But there, on the very last page of Doctor Strange, was one he had never seem before. It even seemed fresh – sharp somehow – rather than the blurred text and crude drawings of the other, familiar advertisements.

“LEARN ALL ABOUT YOURSELF,” it read. The text explained that there were five dimensions of human personality and that it was of life and death importance to learn what point you occupied along these axes.

Lucious was twelve and suffered greatly from confusion about what was going on inside his own head. Thoughts swirled around deep mysterious eddies while confused desires and bizarre ideas crept in from the depths of his mind and set up camp in his head, refusing to leave. It was all very disturbing and frightened Lucious to the point that he worried about his future all the time.

And here, in front of his eyes, for the low cost of ninety-nine cents (not even a dollar) someone promised to explain this all to him. The mysteries of his own noggin would be cleared up and the future would open before him like a brightly-lit highway. He knew how disappointing the reality behind the wild promises could be – but this was irresistible.

Lucious carefully cut the little coupon out of the back of the book and filled out his name and address. He dug an envelope out of his middle desk drawer and taped three quarters, two nickels, a dime, and four pennies to a card (to disguise the fact the envelope contained cash and discourage the thieves at the post office). He relished the taste of the paste as he licked the stamps (adding an extra one, because of the weight of the coins).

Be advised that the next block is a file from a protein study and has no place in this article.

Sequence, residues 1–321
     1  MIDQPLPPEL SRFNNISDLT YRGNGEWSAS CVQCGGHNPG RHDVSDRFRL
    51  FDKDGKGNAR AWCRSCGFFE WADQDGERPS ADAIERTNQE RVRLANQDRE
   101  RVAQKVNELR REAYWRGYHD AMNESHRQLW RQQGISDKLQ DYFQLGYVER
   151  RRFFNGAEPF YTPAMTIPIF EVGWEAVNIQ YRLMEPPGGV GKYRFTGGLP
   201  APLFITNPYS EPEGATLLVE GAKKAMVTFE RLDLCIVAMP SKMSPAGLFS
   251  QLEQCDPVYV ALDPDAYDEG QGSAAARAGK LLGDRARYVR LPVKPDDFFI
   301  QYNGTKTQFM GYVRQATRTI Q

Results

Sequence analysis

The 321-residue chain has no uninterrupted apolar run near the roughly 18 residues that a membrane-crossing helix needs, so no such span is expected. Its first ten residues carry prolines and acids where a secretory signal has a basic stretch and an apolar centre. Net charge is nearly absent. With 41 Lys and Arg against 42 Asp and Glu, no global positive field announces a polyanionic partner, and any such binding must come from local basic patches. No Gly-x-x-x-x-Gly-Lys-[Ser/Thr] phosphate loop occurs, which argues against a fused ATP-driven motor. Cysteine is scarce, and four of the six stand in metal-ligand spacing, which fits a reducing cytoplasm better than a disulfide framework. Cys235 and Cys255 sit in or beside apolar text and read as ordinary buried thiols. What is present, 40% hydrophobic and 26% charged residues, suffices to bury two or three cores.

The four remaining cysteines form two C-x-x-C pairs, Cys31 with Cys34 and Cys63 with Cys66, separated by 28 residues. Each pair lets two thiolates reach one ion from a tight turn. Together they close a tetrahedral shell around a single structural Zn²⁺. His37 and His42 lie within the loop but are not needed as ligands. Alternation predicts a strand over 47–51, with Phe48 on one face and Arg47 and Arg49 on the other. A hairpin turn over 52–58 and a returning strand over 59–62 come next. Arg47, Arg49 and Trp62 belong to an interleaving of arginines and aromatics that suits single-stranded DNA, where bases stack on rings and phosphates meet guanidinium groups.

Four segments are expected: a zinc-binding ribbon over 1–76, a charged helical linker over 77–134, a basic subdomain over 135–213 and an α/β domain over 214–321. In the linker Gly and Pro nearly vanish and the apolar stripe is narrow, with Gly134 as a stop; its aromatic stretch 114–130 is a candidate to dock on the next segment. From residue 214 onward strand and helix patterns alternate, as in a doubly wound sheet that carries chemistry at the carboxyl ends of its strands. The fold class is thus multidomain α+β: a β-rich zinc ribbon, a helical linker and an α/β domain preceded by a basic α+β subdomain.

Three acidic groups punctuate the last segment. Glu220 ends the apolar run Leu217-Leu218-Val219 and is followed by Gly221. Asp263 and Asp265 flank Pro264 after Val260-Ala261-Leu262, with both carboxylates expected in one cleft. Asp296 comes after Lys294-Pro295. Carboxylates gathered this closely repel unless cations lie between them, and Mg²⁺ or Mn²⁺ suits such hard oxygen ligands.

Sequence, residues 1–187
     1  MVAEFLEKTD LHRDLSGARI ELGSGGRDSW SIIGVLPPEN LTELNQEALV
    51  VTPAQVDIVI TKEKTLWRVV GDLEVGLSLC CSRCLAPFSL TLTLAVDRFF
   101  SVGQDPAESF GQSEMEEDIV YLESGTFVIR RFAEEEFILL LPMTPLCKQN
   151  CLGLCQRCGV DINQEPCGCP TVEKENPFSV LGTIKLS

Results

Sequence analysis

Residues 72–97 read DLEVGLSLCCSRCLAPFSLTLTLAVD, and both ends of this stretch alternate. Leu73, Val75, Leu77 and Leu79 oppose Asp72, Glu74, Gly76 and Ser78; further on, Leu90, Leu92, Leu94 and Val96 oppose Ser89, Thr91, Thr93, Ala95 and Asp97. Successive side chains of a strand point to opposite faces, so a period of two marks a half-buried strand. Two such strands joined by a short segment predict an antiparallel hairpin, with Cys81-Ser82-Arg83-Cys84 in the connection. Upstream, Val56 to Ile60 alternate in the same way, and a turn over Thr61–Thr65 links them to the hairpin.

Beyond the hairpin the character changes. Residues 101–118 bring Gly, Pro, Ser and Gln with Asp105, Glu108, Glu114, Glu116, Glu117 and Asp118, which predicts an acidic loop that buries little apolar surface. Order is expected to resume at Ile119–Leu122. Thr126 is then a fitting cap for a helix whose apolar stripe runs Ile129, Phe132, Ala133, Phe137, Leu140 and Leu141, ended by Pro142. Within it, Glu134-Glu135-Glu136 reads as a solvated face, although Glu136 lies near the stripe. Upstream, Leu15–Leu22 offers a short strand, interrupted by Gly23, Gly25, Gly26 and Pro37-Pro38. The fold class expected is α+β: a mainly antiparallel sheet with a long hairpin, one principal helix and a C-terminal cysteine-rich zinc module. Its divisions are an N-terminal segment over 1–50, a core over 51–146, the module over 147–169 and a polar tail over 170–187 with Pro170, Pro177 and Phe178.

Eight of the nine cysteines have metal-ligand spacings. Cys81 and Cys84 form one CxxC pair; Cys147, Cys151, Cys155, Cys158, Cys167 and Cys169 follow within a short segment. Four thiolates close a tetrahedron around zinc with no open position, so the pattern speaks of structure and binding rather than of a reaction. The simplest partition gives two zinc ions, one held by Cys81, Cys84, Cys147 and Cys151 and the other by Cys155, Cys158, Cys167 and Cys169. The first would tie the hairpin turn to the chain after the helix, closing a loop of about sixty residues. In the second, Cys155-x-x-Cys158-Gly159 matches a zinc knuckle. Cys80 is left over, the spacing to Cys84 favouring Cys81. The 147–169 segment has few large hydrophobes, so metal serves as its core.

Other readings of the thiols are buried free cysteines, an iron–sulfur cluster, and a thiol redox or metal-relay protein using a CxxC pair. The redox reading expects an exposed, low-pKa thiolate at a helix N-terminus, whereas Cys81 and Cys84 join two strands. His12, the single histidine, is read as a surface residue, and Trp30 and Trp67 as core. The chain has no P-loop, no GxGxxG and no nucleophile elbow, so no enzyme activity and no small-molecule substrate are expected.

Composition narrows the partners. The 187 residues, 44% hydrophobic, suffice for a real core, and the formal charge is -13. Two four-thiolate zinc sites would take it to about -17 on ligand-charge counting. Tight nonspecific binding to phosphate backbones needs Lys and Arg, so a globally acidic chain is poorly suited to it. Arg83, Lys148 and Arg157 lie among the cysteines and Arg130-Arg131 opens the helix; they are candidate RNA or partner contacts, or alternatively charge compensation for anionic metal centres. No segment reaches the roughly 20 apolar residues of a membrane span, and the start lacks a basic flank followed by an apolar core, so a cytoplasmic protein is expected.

He dashed out the side door and ran down to the next block to slide the letter into the big public mailbox (he didn’t want to use the clothespin on their own – didn’t want to answer his parents’ pesky probing questions) and watched it disappear forever into the black space beyond the slot. There was an ominous clang as he released the guard and it swung back over the opening. It was done – irretrievable –  there was no going back.

A twelve year old has no patience. Waiting was not one of his abilities. Every minute of every day was excruciating. Finally, after a hundred years (or maybe it was only ten days) a thick packet in a brown envelope arrived for him. He brushed off his parents’ questions and feverishly opened the package on his desk.

Inside was a cheap, mimeographed pamphlet of instructions, a set of computer cards with numbers and ovals, and a prepaid, preaddressed envelope. He was to read the instructions and answer a long set of questions, filling in the proper ovals on the cards that corresponded with the numbered questions and his answers. He was familiar with this drill – they did it every year at school to measure the children’s progress.

Lucious started to work. The questions were difficult – some were confusing, some were subtle, some were embarrassing to even think about, even more so to answer. But he knew that they were designed by professionals and were carefully and scientifically designed to plumb the very depths of his own personality – bring facts to light that even he had no idea about.

Hours later, feverish, sweating, and exhausted, he finished, filling in the last little oval. He packed the whole thing up in the provided envelope (the instructions said it was important to return the instructions themselves – not to let anyone read the questions other than him). It was late and pitch dark but he slipped out while his parents were watching TV and stumbled the two blocks to the same box, and slipped the envelope into the same slot of doom.